How Vanessa Brooks became 1st Black woman to be dual certified as athletic trainer and physical therapist in NBA

Dollita Okine March 26, 2024
When Vanessa Brooks joined the NBA in 2019, she became the first Black woman to hold dual certifications as a physical therapist and athletic trainer. Photo Credit:Instagram, Vanessa Brooks

When Vanessa Brooks joined the NBA in 2019, she became the first Black woman to hold dual certifications as a physical therapist and athletic trainer.

The trailblazer told Essence that “I knew my goal was to work in the NBA,” and despite her determination, her mentors were less than enthused anytime she disclosed her plans.

“My mentors were coming from the right place. They just told me the truth, ‘there’s no one there that’s before you. Are you sure you don’t mean the NCAA or WNBA?’ There’s nothing’s wrong with those entities, but I said I actually wanted do that one first,” Brooks recounted.

Indeed, Black women are not fully represented in athletic training. This research says that “between 2003 and 2016, the average total membership of the National Athletic Trainers’ Association (NATA) was 34,635 members…[and] Black women have accounted for only 2%-4% of the total female membership. These data are similar to the demographics of sister allied health professions.”

Nevertheless, Brooks made a breakthrough, and she pointed out, “We’ve had more and more coming into the league” after she started. “It’s like a sisterhood that’s started to grow, which has been amazing.”

Brooks’ mother is from Jamaica while her father is from England. Growing up in Miramar, Florida, Brooks said she always liked basketball.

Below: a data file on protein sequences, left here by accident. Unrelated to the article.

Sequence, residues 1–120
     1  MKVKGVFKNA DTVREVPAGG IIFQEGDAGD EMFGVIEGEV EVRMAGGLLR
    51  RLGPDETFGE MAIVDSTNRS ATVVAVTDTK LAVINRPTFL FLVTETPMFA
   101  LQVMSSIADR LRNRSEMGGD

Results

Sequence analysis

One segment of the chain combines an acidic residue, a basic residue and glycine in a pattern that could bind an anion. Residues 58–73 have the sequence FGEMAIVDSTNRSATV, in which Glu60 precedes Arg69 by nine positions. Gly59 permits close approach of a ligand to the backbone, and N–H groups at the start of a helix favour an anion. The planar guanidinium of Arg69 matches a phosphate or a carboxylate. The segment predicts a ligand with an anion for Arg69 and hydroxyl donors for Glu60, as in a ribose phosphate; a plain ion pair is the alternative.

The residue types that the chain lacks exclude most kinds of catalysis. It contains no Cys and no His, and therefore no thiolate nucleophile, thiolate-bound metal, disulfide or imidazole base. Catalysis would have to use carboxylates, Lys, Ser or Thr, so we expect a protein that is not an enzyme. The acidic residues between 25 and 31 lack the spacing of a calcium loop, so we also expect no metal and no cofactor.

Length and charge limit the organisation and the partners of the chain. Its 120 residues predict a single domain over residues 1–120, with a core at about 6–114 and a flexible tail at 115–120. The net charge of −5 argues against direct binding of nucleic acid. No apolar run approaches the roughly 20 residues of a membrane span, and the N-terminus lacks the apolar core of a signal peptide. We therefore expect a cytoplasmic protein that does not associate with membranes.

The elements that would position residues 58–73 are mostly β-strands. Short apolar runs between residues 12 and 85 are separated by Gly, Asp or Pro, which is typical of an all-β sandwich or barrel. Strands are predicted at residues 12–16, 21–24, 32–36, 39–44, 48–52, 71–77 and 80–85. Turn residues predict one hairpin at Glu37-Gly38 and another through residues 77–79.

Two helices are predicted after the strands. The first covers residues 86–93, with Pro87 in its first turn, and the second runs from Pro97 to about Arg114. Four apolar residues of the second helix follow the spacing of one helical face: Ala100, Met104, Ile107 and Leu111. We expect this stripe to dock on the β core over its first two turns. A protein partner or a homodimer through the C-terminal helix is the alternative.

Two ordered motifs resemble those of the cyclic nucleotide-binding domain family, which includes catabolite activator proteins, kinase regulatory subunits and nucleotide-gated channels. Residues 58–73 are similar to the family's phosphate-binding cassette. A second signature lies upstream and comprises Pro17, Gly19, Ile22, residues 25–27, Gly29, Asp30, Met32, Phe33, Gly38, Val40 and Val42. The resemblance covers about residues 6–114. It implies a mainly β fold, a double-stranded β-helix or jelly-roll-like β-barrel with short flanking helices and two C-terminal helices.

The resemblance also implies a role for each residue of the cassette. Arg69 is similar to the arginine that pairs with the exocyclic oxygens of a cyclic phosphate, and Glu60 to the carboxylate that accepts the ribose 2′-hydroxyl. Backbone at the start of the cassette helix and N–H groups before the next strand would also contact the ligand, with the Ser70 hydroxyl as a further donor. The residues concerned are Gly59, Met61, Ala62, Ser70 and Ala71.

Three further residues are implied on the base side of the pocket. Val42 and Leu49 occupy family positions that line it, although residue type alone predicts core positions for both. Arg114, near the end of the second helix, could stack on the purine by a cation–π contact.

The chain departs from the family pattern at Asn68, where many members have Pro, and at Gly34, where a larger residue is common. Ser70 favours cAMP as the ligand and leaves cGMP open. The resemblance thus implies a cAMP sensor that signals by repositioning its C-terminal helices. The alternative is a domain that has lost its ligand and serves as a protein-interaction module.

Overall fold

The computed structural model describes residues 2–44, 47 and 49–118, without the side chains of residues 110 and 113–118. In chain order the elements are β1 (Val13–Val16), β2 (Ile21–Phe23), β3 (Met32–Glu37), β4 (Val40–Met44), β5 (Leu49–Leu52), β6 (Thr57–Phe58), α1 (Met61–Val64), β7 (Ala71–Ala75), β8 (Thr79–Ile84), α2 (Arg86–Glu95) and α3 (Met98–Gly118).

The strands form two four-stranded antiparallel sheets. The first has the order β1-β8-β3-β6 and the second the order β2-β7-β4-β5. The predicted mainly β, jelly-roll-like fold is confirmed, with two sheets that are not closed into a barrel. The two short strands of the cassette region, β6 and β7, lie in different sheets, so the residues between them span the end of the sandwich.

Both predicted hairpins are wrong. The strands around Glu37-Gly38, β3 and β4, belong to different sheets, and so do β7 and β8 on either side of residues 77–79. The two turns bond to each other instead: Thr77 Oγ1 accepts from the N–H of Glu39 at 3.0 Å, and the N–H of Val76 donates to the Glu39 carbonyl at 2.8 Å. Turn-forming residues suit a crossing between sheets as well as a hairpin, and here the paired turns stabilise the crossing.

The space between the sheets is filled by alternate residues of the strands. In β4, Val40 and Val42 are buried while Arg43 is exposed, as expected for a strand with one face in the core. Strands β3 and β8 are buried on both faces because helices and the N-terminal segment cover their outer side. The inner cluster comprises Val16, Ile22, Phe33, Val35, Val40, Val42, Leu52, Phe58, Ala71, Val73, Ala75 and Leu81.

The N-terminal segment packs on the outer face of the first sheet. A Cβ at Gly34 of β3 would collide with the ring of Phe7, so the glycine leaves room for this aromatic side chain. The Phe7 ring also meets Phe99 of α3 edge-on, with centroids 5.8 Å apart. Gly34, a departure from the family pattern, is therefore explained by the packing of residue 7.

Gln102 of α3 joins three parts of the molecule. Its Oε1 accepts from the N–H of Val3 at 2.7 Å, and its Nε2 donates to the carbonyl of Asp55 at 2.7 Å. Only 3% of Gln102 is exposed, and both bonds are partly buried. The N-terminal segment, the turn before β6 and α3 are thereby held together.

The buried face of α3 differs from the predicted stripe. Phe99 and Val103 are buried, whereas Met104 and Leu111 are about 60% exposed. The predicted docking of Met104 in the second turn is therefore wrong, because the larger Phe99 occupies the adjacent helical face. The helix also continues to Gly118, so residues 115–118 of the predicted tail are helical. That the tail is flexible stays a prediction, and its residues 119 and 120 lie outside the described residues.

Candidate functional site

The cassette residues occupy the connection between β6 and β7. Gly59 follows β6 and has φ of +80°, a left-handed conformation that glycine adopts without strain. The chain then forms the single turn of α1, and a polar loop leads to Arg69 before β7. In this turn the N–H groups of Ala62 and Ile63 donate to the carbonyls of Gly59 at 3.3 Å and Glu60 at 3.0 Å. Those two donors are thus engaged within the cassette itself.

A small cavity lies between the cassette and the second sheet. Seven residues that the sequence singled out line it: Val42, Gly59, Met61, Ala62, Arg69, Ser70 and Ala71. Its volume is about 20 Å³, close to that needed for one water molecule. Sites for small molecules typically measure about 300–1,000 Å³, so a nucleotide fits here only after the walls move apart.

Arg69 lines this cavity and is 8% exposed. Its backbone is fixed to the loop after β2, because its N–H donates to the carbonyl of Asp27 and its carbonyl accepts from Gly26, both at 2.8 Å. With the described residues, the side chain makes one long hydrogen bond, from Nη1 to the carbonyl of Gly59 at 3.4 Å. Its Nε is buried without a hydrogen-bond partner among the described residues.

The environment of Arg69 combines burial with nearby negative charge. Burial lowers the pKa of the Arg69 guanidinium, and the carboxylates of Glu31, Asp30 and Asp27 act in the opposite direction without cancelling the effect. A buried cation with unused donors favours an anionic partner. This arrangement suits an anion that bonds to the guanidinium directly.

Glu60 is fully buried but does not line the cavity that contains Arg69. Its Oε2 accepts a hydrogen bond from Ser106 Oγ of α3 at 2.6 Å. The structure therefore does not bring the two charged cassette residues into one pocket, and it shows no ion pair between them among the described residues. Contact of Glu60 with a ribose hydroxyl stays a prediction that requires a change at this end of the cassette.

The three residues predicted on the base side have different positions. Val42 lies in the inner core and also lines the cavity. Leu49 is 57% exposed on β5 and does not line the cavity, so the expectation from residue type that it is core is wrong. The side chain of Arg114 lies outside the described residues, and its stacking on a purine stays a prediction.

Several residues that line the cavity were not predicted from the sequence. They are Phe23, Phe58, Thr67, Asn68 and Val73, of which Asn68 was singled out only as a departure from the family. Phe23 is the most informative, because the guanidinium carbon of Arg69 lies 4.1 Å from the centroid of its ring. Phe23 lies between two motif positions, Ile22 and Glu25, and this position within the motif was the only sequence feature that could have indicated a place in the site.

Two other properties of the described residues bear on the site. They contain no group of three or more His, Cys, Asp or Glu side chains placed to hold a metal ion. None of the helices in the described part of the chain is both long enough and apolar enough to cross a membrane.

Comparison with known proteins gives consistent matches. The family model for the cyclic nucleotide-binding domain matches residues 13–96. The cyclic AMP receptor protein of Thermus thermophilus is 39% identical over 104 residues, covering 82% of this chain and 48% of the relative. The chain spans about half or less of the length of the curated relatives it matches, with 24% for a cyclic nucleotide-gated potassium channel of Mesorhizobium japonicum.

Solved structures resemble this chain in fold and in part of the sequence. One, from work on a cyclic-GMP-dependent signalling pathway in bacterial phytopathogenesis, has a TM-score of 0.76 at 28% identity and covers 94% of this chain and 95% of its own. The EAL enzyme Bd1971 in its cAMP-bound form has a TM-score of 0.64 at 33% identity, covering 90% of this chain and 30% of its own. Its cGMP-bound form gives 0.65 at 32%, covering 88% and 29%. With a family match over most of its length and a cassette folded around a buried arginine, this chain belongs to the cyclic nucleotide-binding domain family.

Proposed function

“Unfortunately basketball did not like me,” she told The Oklahoman, adding that she tore her ACL, MCL and meniscus while playing AAU ball before her senior year of high school.

“That’s when I found out a lot more about physical therapy,” Brooks said.

Before Brooks joined the Oklahoma City Thunder as a physical therapist and athletic trainer, the NBATA indicates that she worked as the head athletic trainer and physical therapist for the Oklahoma City Blue, the Thunder’s Gatorade League (G League) affiliate.

While earning her PT Sports Fellowship, Brooks worked in Wake Forest University’s Division I Athletics. She earned her certification as a Board-Certified Clinical Specialist in Sports Physical Therapy in 2019.

She also spent some years in Duke’s Sports Medicine Clinic, provided part-time outreach to nearby high schools and a semi-professional football team, and completed her PT Sports Residency.

The pioneer completed her training as an EMT while working in the Ortho-Trauma unit at Grady Hospital and as a Head Athletic Trainer for an Atlanta Public School. She started an Athletic Trainers’ Union with AFSCME during her two-year tenure with Atlanta Public Schools.

Brooks also co-founded a preventative injury sports medicine program that bridged local Durham AAU basketball teams with Duke Sports Medicine. 

Brooks encountered her first exposure to sports medicine in equestrian, women’s basketball, volleyball, and football while pursuing her Bachelor of Science in Athletic Training at The University of Georgia.

She completed her doctorate in physical therapy at Emory University in Atlanta, where she obtained further certifications in strength and conditioning and dry needling. 

She was honored for her community service and professional excellence as she was given the Francis A. Curtiss and the Emory University Division of Physical Therapy Award. On top of that, Brooks was awarded the Dr. Butch Mulherin, Soule, and Marion Hubert honors for her outstanding work ethic, support of female athletes, and dedication to the area of athletic training.

Brooks said that her dream job is “worth it,” despite being demanding and requiring her to be on the go frequently.

The achiever urges others, “Please do not let anyone tell you that you can’t do something.”

Last Edited by:Mildred Europa Taylor Updated: March 26, 2024


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